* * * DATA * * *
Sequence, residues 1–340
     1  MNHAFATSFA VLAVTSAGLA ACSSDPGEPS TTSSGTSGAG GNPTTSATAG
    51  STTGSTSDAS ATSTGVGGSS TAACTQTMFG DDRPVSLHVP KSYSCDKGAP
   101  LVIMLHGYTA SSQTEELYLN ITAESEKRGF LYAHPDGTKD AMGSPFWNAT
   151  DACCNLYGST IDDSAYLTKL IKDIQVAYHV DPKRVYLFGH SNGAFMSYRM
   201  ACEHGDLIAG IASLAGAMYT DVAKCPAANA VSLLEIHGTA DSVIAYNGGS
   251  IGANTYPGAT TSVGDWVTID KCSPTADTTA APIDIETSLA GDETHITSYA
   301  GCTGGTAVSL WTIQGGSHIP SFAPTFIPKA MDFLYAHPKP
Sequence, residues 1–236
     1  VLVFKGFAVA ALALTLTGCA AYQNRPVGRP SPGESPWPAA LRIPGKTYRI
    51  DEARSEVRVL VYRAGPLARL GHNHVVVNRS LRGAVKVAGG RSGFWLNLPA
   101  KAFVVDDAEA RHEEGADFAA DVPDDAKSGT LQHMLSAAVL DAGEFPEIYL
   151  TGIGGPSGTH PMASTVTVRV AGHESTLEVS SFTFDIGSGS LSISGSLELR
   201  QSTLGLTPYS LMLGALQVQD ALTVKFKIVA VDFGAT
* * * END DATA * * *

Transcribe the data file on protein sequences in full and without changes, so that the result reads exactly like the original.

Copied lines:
Sequence, residues 1–340
     1  MNHAFATSFA VLAVTSAGLA ACSSDPGEPS TTSSGTSGAG GNPTTSATAG
    51  STTGSTSDAS ATSTGVGGSS TAACTQTMFG DDRPVSLHVP KSYSCDKGAP
   101  LVIMLHGYTA SSQTEELYLN ITAESEKRGF LYAHPDGTKD AMGSPFWNAT
   151  DACCNLYGST IDDSAYLTKL IKDIQVAYHV DPKRVYLFGH SNGAFMSYRM
   201  ACEHGDLIAG IASLAGAMYT DVAKCPAANA VSLLEIHGTA DSVIAYNGGS
   251  IGANTYPGAT TSVGDWVTID KCSPTADTTA APIDIETSLA GDETHITSYA
   301  GCTGGTAVSL WTIQGGSHIP SFAPTFIPKA MDFLYAHPKP
Sequence, residues 1–236
     1  VLVFKGFAVA ALALTLTGCA AYQNRPVGRP SPGESPWPAA LRIPGKTYRI
    51  DEARSEVRVL VYRAGPLARL GHNHVVVNRS LRGAVKVAGG RSGFWLNLPA
   101  KAFVVDDAEA RHEEGADFAA DVPDDAKSGT LQHMLSAAVL DAGEFPEIYL
   151  TGIGGPSGTH PMASTVTVRV AGHESTLEVS SFTFDIGSGS LSISGSLELR
   201  QSTLGLTPYS LMLGALQVQD ALTVKFKIVA VDFGAT